Referring to FIG. 8, the front panel 144A of the trip unit 114 includes hexagonally shaped recesses 314 in which are situated a center hole 315 and a plurality of regularly spaced circumferentially arranged holes 316. A legend 316A is inscribed in the panel 114A next to each hole 316, corresponding to a selectable tripping parameter value for each hole 316. All holes 315 and 316 extend through to a plurality of female connecting sockets 318. The sockets 318 are riveted onto a printed circuit board 206 and are soldered to the conductive paths on the board. The relationship of the printed circuit board, the panel, and the shorting plug 130 can be seen most clearly in FIG. 3A. The sockets 318 are shown in FIGS. 11 and 12. A retaining button 320 is slipped over a groove at the end of the connecting pin 308 after insertion of the shorting plug 130 and serves to prevent complete removal of the shorting plug 130, yet allows the shorting plug to be partially removed such that the pin 310 is disengaged from a connecting socket. The shorting plug 130 can then be rotated and inserted in any desired position.

FIG. 10 shows a portion of the electronic circuitry of the trip unit, a more complete description of which is found in the aforementioned U.S. patent application Ser. No. 728,088. As can be seen in FIG. 10, a plurality of series-connected resistors 322 have the sockets 318 connected therebetween. The center connecting pin 308 is common and is at all times electrically connected to a terminal 324 behind the center hole 315. By withdrawal, rotation, and reinsertion of the shorting plug 130, the terminal 324 can be selectively connected to any of the other sockets 318. Thus, the resistance between the points 324 and 328 can be adjusted according to the position of the shorting plug. This change in resistance is used to vary the electrical parameters of the electronic circuitry of the trip unit 114 to select the desired time-current tripping characteristic for the breaker. Other electrical characteristics, such as capacitance, could also be varied by the shorting plug 130 to vary electronic circuit parameters and select the desired breaker operating characteristics. In the preferred embodiment the electronic circuitry is designed so that withdrawal of a shorting plug or failure of a shorting plug to make proper contact will cause the particular trip unit characteristic to revert to its lowest current or time value. This is a failsafe condition.

Although the base 302 and recess 314 are formed in the shape of a hexagon, they could of course be formed in any desired polygonal shape. By spacing the holes and sockets 316, 318 evenly about the center hole and socket 315 at an angle equal to 360 divided by the number of sides of the base, the plug 130 may be more easily and reliably positioned. The action of base 302, recess 314, and flange 304 provides a snug fit and protects the sockets 318 from dust and other contamination.

Since unlike wiper-type switching contacts the shorting plug 130 need not be designed for an extremely large number of operations, the objective in wiper-type switch contacts of a low contact pressure to prevent undue wear is not a factor. Therefore, a relatively high contact pressure can be employed through the use of the multiple leaf spring members 319 of the sockets 318. These provide a plurality of gripping points and a high contact force to insure reliable electrical contact and reduce problems from vibration and corrosion.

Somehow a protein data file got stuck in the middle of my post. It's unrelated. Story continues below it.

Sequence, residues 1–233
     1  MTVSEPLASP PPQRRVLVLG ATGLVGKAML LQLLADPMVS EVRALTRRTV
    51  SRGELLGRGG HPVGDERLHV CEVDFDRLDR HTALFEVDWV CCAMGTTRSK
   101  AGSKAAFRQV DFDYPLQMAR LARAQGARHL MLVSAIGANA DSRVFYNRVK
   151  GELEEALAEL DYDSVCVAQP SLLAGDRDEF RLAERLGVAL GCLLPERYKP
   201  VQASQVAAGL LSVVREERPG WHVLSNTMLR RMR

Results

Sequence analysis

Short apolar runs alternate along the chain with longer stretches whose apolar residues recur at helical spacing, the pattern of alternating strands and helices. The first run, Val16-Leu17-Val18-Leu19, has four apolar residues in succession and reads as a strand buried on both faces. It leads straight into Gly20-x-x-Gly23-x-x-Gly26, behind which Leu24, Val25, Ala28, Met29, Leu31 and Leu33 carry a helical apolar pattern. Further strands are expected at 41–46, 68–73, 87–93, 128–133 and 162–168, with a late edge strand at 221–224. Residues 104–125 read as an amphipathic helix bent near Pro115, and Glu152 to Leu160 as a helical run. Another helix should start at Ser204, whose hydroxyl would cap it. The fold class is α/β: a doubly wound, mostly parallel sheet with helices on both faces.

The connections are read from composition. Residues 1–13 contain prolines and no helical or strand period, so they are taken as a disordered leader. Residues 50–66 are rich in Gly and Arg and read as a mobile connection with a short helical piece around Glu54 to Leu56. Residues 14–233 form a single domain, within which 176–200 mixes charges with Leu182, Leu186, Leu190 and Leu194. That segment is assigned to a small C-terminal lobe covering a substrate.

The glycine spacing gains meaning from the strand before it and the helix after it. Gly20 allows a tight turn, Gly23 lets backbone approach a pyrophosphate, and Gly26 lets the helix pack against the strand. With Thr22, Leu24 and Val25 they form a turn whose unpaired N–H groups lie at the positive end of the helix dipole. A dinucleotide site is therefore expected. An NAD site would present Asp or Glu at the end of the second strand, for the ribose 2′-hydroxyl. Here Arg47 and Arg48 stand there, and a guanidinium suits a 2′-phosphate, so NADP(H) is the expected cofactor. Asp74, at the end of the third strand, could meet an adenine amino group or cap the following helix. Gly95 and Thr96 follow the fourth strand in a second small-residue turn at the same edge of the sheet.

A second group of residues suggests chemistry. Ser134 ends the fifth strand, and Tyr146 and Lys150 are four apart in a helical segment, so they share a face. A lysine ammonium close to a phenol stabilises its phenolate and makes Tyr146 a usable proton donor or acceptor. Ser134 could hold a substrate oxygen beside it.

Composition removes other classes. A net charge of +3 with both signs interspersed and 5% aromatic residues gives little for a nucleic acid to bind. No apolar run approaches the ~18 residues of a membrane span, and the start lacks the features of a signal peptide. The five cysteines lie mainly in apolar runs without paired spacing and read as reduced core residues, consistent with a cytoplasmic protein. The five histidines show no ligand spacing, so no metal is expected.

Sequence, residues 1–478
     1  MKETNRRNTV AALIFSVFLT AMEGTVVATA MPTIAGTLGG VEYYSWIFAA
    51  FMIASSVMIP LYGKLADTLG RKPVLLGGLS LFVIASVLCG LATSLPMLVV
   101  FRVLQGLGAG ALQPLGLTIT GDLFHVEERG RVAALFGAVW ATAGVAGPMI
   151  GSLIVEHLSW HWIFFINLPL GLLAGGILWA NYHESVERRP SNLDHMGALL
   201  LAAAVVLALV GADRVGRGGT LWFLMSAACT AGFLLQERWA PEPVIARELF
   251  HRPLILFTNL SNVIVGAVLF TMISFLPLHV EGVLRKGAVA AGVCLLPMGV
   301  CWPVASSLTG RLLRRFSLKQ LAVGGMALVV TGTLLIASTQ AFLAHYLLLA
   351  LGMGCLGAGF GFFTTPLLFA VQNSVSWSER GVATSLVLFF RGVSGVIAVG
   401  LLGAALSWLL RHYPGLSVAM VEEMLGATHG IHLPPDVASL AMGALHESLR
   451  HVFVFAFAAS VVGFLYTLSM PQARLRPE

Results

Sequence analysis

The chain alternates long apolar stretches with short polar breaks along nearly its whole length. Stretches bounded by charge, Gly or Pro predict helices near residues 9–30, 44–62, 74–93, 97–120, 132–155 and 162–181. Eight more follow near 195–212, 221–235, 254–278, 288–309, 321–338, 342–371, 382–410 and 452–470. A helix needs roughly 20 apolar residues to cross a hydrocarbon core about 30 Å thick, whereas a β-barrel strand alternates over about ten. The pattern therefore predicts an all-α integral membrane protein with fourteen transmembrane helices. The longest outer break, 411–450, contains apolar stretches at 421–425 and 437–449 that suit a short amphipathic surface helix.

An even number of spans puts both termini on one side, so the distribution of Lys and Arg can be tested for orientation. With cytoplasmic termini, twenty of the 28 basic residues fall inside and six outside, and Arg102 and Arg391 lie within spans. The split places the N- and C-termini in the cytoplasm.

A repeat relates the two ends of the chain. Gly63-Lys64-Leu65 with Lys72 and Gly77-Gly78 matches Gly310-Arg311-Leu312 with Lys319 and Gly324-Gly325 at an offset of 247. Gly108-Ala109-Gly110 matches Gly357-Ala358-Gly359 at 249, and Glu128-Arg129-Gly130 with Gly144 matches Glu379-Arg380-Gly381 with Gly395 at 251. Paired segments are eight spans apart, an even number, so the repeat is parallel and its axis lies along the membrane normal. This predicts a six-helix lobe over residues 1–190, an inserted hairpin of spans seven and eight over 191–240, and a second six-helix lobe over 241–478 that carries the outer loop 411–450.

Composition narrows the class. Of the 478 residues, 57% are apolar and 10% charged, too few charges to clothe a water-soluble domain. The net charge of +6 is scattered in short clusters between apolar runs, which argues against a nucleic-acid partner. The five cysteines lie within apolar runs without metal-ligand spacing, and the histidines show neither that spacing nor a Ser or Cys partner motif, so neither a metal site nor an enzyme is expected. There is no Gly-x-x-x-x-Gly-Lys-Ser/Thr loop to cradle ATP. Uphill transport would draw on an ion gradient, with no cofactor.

The operation necessary to adjust the time-current tripping characteristics of the trip unit 114 through the use of the shorting plug 130 is convenient, yet it requires a positive action on the part of maintenance or installation personnel, such that inadvertent adjustment of the shorting plug is extremely unlikely. Furthermore, the shorting plug cannot be completely removed from the trip unit and is thus not susceptible to loss. The combination of high contact pressure on the connecting pins 308 and 310 of the shorting plug and the protection of the unused sockets 318 by the base 302 and flange 304 produce extremely reliable operation over extended periods of time. The shorting plug also is simple in construction, resulting in a lower manufacturing cost than a standard wiper-type switch.

It can be seen therefore that the present invention provides a circuit breaker having an adjustable trip unit which provides an increase in performance and reliability at a lower cost than the prior art.

Patent Citations
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US1094156 *Jul 26, 1913Apr 21, 1914Gen Acoustic CompanyBattery-regulator.
US2373156 *Dec 30, 1943Apr 10, 1945Bell Telephone Labor IncStandard for electrical measurements
US3761778 *Jan 2, 1973Sep 25, 1973Gen ElectricStatic trip control unit for electric circuit breaker
US3826951 *Jan 30, 1973Jul 30, 1974Westinghouse Electric CorpCircuit breaker with replaceable rating adjuster and interlock means
US4060844 *Feb 17, 1976Nov 29, 1977I-T-E Imperial CorporationSolid state tripping circuit
Referenced by
Citing PatentFiling datePublication dateApplicantTitle
US4649455 *Apr 28, 1986Mar 10, 1987General Electric CompanyRating plug for molded case circuit breaker
US4758919 *Jan 8, 1986Jul 19, 1988Brush Switchgear LimitedSectionalizer for spur lines
US6157096 *May 20, 1999Dec 5, 2000Vinciguerra; JohnNeutral switched shunt trip emergency gas panel
WO2007062835A1 *Nov 30, 2006Jun 7, 2007Ellenberger & PoensgenCircuit breaker
Classifications
U.S. Classification361/115, 361/96, 335/172, 335/6
International ClassificationH01H73/38, H01H71/74
Cooperative ClassificationH01H2071/006, H01H71/7409, H01H2069/016, H01H71/74
European ClassificationH01H71/74